"How to Think Like a Boss and Get Ahead at Work" by Barry Eigen. Picked this book up in an airport newsstand. This book is an excellent guide for newer employees and managers. It was especially meaningful for me since I came from a blue collar/ union membership family. I gave copies to each of my direct reports each time I received a new supervisory assignment. It is an excellent gift for a new graduate. It appears to be out of print but is available used (Amazon).

Example chapters:
  • Hard Work Won't Get You Promoted
  • The "Be Good - Get Rewarded" Myth
  • Why Perfect Employees Go Nowhere
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Re: Books that changed your life

Post by nisiprius »

MarkBarb wrote: Wed Jul 29, 2020 11:32 am Hop on Pop - The book that started me reading
Right, I forgot about my first book. And I don't even remember the exact title. It was the first of the Macmillan "Ted and Sally" pre-primers. I entered kindergarten, and after about three weeks they decided I really belonged in first grade, so they moved me and I was, of course, disoriented.

My folks had read to me a lot and showed me words in books and I had a high degree of reading readiness, but they had not tried to teach me to read. And this was before The Cat in the Hat. I knew Dr. Seuss, of course, but only from having my folks read me If I Ran the Zoo.

So this was the first book I had ever seen that had very simple words. I can't swear as to what they were exactly, but I think the first page said "Look, look," and the second page said "See, see." "Run" and "play" and "ball" and "funny" followed. The dog was named Boots, and Boots was often funny. They didn't try to describe what Boots did, but the pictures made it clear. See funny Boots!

Anyway, when I came home from school that day, my mom asked me how school had been, and I said "I can read! I can read!" And my mom said "Really?" And I said "Yes! The kid next to me showed me how."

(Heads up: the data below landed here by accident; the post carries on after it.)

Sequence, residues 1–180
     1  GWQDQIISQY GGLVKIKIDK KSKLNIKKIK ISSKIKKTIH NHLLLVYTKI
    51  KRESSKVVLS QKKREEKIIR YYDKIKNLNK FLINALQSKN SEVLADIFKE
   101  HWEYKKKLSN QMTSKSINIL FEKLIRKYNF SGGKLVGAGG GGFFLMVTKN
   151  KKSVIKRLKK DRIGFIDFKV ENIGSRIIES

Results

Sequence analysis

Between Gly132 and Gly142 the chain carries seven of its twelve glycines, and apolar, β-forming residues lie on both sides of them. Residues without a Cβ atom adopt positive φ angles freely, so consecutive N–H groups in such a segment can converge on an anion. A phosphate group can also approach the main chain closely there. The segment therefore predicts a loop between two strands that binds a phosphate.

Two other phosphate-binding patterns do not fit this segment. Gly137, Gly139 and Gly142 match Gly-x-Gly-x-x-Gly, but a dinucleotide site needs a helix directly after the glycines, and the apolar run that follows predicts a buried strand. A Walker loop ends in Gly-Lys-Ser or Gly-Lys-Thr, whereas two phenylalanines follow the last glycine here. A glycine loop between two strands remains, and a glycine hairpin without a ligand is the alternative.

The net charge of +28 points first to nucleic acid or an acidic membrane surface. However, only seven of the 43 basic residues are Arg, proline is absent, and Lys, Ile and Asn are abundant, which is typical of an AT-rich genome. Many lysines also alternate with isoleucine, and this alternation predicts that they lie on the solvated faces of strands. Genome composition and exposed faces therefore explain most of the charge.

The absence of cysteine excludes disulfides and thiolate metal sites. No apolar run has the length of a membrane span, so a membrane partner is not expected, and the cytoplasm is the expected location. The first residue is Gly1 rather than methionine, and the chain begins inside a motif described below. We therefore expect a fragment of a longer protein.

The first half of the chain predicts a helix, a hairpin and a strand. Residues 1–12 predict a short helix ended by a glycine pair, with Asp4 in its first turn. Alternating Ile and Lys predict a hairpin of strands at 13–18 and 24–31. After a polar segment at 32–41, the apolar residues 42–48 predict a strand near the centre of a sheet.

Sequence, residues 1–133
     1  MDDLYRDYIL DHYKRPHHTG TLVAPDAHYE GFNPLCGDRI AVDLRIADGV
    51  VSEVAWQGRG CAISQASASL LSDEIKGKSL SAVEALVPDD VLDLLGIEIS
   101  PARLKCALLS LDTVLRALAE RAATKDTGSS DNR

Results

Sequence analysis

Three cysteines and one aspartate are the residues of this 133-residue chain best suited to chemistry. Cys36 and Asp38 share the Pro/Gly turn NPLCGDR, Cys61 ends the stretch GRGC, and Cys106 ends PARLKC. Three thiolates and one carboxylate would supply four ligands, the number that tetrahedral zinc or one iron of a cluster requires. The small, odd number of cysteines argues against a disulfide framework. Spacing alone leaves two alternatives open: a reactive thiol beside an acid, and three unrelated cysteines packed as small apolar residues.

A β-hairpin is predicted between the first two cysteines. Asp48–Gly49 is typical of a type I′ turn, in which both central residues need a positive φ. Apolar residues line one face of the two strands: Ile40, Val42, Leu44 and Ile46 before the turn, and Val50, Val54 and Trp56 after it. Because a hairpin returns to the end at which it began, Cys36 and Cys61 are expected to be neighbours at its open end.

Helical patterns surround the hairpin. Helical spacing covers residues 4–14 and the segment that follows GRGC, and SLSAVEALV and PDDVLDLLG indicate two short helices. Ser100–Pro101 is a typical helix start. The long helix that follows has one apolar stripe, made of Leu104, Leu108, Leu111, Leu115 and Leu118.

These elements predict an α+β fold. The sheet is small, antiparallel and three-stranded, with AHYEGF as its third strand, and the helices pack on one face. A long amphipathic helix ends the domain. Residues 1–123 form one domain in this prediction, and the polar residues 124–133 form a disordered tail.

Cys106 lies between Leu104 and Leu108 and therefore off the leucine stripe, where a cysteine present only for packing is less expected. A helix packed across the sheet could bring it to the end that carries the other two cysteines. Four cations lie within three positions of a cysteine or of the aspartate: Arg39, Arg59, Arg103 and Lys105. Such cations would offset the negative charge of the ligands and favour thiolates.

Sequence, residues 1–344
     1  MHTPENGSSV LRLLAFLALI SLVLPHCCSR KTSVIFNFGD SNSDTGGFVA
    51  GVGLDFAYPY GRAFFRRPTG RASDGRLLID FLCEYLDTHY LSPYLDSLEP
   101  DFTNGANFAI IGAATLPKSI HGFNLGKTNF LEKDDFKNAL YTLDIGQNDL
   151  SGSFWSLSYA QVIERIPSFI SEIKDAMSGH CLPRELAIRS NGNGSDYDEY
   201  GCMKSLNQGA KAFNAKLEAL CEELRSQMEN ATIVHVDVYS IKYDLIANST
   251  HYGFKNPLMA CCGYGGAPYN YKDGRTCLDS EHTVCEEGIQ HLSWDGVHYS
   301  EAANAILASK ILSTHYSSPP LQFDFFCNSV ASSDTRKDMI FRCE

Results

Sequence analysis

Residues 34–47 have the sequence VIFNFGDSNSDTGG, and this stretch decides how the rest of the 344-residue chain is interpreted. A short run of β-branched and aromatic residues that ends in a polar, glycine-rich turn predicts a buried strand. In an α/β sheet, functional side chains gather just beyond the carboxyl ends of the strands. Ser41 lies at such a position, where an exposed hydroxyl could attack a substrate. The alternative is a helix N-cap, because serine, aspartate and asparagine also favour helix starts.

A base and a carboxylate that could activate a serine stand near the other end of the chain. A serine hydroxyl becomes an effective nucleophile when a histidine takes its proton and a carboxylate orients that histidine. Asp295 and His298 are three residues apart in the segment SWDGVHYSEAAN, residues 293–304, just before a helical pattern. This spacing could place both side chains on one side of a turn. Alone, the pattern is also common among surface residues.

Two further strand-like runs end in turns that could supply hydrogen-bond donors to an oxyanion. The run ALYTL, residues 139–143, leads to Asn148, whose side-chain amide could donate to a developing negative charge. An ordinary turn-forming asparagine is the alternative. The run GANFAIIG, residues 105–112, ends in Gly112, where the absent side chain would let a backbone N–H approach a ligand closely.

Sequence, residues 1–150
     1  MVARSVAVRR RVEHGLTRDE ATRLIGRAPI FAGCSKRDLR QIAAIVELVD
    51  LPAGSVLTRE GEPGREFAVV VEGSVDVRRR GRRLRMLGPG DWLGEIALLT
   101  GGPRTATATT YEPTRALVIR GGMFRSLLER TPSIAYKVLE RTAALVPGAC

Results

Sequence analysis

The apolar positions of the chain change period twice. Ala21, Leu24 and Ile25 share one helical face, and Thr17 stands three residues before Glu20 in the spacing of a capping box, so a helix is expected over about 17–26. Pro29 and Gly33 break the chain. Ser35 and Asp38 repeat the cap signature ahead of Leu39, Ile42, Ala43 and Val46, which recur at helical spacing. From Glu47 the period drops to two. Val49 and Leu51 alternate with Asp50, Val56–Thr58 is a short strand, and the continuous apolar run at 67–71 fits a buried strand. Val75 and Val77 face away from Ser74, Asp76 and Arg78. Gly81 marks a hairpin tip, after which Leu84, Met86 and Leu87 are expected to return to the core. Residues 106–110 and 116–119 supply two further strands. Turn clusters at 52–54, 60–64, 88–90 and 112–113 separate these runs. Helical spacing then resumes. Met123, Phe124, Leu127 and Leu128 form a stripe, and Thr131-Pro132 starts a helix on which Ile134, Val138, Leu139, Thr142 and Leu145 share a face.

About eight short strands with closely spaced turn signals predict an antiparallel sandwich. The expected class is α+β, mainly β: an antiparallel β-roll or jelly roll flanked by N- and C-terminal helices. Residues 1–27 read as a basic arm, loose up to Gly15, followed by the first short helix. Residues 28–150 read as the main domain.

The sheer rapturous joy of reading completely overcame any critical objections to the bland stupidity of the story.

I still can't believe that in third grade, we read a story about "Ebenezer Never-Could-Sneezer." He couldn't sneeze because his nose had been clipped off by a cannonball in a war, and he longed to sneeze. The happy ending was that he could go down by the railroad, where there were apparently steam trains, and by using good timing he could go "Ah--ah--ah--" and the train would go "Choo!" And he could go "Ker--ker--ker--" and the train could go "Choo!" The more I think about that story, the more disturbing it gets.
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Picasso
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Re: Books that changed your life

Post by Picasso »

Stop-Time by Frank Conroy

That book showed me what excellent writing was. David Foster Wallace also cites it as the book that made him want to be a writer.
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Re: Books that changed your life

Post by Dmanse02 »

I don’t see any Mitch Albom books mentioned. Had the pleasure of reading several while in high school - Tuesdays with Morrie, Five People You Meet in Heaven, First Phone Call from Heaven. All entertaining, easy reads. Really adjusted my perspective to cherish life and its moments, the climb, and not just look ahead to the end goal.
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Re: Books that changed your life

Post by Tdubs »

A Monster Calls, Patrick Ness
Babbitt, Sinclair Lewis
Angle of Repose, Wallace Stegner
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Re: Books that changed your life

Post by Silverado »